Check out Episode 8 where Jessica discusses three mindset shifts that pushed her into her best life: 

  1. Jumping in even when she was scared.
  2. Changing her thoughts to change her world. 
  3. And always doing the “right by me” thing. 

9. How do you stay strong and focused? What do you do when you’re not? 

Mindset is so important to me and doing all I can to foster a strong mindset. That is why I named my podcast Diamond Mind Radio. As far as staying focused, I set priorities and keep the end result in mind. When I am not (focused), this usually means I am unbalanced, need a break, and/or it’s time to reflect on myself/life. 

***

Did you know that every 98 seconds an American is assaulted?
Did you also know that awareness leads to prevention?

Woman of Dignity: a tribute to my grandmother

Two years ago today, my 99-year-old grandmother passed on. She was one of those women in my life who lifted up and laughed often; someone who brought out the blossoms in me…one, two, three. My grandmother was a woman of Dignity.

Debby Kerr-Henry with her grandmother.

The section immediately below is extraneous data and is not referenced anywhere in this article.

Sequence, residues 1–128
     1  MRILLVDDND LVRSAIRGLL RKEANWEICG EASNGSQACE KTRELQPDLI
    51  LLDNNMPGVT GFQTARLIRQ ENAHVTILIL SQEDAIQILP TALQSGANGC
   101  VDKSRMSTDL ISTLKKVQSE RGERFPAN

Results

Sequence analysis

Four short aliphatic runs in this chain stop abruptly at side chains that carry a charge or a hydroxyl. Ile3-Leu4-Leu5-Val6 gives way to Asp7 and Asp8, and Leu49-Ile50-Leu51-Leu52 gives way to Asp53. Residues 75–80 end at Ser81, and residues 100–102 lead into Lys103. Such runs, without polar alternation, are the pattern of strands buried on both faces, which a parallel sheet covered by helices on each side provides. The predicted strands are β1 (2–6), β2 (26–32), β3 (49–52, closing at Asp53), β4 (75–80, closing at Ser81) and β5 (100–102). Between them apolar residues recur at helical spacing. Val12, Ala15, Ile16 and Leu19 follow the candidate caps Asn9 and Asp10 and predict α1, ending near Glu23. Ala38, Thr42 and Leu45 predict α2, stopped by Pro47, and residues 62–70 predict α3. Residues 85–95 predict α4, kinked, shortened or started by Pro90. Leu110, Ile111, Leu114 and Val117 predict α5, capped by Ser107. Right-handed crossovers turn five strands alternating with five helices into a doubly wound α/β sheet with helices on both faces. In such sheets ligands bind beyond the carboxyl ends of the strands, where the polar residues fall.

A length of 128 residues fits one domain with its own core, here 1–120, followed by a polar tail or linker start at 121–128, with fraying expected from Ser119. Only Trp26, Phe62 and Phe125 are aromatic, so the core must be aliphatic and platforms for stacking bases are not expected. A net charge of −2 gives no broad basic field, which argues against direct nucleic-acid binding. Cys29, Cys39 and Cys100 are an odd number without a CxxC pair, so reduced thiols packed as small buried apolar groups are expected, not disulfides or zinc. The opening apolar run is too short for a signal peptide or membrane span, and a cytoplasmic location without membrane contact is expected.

My grandmother stood up against abuse and literally changed my life course.

***

I dedicate this month’s blogging in support of April: Sexual Assault Awareness Month and Child Abuse Prevention Month. See RAINN.org for resources and to learn how to provide positive support to survivors.

The Attitude Influence, Part 3

Conflict is like having car problems. I don’t think anybody rejoices when their vehicle gets a flat tire, or the engine light flashes, or the GPS doesn’t work. Car problems require time, money, and patience. And so it is with relationships too. Relationships, like cars, require care and maintenance, and sometimes they need time, money, and patience to address conflict. It’s just the nature of the beast. So when LeAnn talked about how conflict could be a good thing, my inquiring mind wanted to know more. 

Debby: You say on page 37 that “…conflict is sometimes a good thing. Despite my BAT (bad attitude type), some of the conflicts I have had due to perceived injustices have provided me the clarity of what is and is not acceptable to my core values.” Can you provide any insights or suggestions on how to navigate through conflict well?

LeAnn:

  1. Find your voice. For anything good or healthy to come out of a conflict, both parties need a voice. If you never express your views, I recommend you evaluate the health of the relationship. It could be the relationship you have with your significant other, your boss, a parent, a child, or a friend.